Report: Infinity Ward Lawsuit claims “Police State” atmosphere at Activision

By Stephany Nunneley
10 July 2010 15:48 GMT


Legal proceedings between Activision and Infinity Ward moved forward yesterday, with lawyers for the Infinity Ward Employee Group filing an amendment to the lawsuit.

New Allegations

According to court documents dug up by Kotaku, the amendment adds new claims and also reduces the amount being sought by the Infinity Ward Employee Group, which is made up of former and current employees of the developer.

The new claims outlined in the amendment paint Activision as a “Police State”, with the firm placing guards at doors and exits, breaking promises, and conducting “secret interrogations” of employees. It also claims higher-ups not only threatened, but tried to coax employees into creating the next Modern Warfare game by holding the over $54 million dollars in bonuses for ransom.

Former employees stated in the addendum what happened to the appropriated bonuses, and lowered the original suit price of half a billion dollars down to $216 million for punitive damages and unpaid bonuses.

Breach of contract

The Infinity Ward Employee Group, made up of approximately 40 former and current employees of the developer, banded together in April 2010 to file a lawsuit against Activision for half a billion dollars, alleging breach of contract and unpaid royalties.

According to the suit filed with Activision, had the publisher not fired Jason West and Vince Zampella, withheld the promised bonuses, and not created a hostile work environment with a “Police State” atmosphere, the employees would not be suing and those who left the firm would have instead stayed on.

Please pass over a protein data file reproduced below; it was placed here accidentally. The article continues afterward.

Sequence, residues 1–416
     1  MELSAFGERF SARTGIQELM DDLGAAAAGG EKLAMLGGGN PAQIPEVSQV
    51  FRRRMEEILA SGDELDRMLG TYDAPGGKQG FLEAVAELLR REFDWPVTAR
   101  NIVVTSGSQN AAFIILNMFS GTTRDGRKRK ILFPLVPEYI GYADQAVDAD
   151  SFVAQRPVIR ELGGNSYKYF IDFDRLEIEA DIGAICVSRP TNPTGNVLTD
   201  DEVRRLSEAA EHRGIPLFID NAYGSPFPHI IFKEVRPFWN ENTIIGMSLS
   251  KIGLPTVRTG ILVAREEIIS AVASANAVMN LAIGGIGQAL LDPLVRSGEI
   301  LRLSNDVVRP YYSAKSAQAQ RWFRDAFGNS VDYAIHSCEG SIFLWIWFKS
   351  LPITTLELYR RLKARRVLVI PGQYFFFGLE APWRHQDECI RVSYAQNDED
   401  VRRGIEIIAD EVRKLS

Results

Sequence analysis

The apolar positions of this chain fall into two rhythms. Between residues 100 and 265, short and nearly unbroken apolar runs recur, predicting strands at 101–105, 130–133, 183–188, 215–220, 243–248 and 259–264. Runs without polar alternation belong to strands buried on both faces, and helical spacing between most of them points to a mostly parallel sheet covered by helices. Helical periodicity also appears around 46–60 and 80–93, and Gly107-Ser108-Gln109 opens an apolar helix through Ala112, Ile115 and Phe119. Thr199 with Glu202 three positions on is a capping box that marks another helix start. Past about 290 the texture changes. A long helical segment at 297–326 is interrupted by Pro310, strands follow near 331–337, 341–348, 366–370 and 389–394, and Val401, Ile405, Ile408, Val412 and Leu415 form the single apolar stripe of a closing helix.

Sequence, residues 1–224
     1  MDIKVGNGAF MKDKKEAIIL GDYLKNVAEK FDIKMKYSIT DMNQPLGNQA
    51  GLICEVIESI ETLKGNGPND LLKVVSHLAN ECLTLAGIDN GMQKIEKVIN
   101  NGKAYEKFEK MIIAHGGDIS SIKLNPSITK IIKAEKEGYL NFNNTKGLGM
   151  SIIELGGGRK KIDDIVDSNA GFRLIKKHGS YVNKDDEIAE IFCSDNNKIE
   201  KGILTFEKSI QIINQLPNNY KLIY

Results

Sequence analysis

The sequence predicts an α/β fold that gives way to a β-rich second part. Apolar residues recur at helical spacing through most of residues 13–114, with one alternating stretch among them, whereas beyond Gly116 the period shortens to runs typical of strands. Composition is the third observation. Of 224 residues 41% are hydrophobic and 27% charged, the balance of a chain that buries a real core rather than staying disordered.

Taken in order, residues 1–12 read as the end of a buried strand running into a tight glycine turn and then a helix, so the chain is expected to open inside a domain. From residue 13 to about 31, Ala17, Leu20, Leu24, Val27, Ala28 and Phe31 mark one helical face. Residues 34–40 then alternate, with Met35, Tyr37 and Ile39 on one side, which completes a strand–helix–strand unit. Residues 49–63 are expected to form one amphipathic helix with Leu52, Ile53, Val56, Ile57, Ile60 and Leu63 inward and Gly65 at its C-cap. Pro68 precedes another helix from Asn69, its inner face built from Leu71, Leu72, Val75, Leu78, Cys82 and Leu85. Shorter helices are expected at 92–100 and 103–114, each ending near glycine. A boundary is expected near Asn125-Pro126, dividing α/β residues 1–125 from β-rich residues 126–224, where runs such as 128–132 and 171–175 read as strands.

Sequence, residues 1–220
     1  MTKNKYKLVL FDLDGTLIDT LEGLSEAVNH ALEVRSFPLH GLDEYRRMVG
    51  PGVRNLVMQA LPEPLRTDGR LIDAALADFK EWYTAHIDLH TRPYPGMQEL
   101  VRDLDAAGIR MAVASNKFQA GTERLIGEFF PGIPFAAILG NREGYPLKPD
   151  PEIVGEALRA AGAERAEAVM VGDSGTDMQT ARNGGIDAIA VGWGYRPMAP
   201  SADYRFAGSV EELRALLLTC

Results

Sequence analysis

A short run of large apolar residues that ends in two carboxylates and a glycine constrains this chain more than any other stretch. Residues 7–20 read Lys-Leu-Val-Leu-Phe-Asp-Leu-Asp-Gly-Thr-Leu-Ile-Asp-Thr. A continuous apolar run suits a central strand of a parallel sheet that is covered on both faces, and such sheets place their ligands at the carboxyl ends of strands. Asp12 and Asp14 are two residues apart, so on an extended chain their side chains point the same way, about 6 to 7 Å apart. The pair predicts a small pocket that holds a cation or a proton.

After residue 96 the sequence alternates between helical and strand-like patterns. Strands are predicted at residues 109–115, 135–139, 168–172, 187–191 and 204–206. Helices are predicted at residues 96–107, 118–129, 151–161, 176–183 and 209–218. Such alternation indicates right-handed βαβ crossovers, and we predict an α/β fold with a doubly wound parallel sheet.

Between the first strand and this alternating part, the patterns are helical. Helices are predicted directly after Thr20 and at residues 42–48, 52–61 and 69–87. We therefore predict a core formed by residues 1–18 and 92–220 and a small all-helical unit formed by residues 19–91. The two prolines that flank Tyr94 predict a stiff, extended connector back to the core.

In March, Activision paid 40 percent of the bonuses owed to the Modern Warfare 2 team, but according to the Infinity Ward Group, it withheld the rest until Modern Warfare 3 was completed and shipped by November 2011.

The employees also state that after a meeting with Activision CEO Bobby Kotick, they were assured by him all bonus money owed would be paid at the end of the month. The suit claims this did not happen, and when some brought this to the attention of Thomas Tippl in April, they were told by the CFO to “Get over it”.

“We had no choice”  but to fire West and Zampella

Back in May, during a financial call to investors, CEO Bobby Kotick told analysts and share holders Activision “had no choice” but to terminate Infinity Ward heads Jason West and Vincent Zampella’s employment.

“We felt we had no choice but to terminate the Infinity Ward executives. There was no gray area, as talented as they might have been”, said Kotick. “There was nothing that would have allowed us to retain them, we did this to protect the company’s assets and the interest of our shareholders..

“The decision to terminate the two executives was not done lightly, and was not done to deprive them of their bonuses. Nor was it done without a great deal of deliberation about the consequences. I personally considered [West and Zampella] friends. Their conduct was a compromise of our friendship, which was equally disappointing”.

In March, Jason West and Vince Zampella filed a lawsuit against Activision, separate from the one filed by the Infinity Ward Employee Group, seeking $36 million in unpaid royalties and  full control of the Modern Warfare brand.

Activision in turn filed a countersuit against West and Zampella.

After being terminated from Activision, West and Zampella went on to form Respawn Entertainment which signed a deal with Activision rival Electronic Arts, subsequently gaining former Infinity Ward employees in the process.

The contract with the firm provides Respawn with full control over intellectual properties it creates under EA Partners, and provides publishing and distribution rights to its games for the foreseeable future.

A hearing is set

While both lawsuits against Activision are separate from one another, on August 5, a judge will determine whether both will be consolidated into one trial.

An initial trial date was set for May 23, 2011 – two weeks before E3 2011 – but it may be changed once the judge has a chance to mull over the pending suits.

We’ve mailed Activision for comment, and will update you should new developments occur.

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